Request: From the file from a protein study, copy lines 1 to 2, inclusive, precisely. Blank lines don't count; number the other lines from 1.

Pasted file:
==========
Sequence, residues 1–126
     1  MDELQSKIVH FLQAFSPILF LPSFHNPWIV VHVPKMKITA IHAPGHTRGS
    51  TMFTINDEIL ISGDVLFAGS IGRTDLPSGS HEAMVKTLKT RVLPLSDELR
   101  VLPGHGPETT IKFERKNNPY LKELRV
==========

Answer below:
Sequence, residues 1–126
     1  MDELQSKIVH FLQAFSPILF LPSFHNPWIV VHVPKMKITA IHAPGHTRGS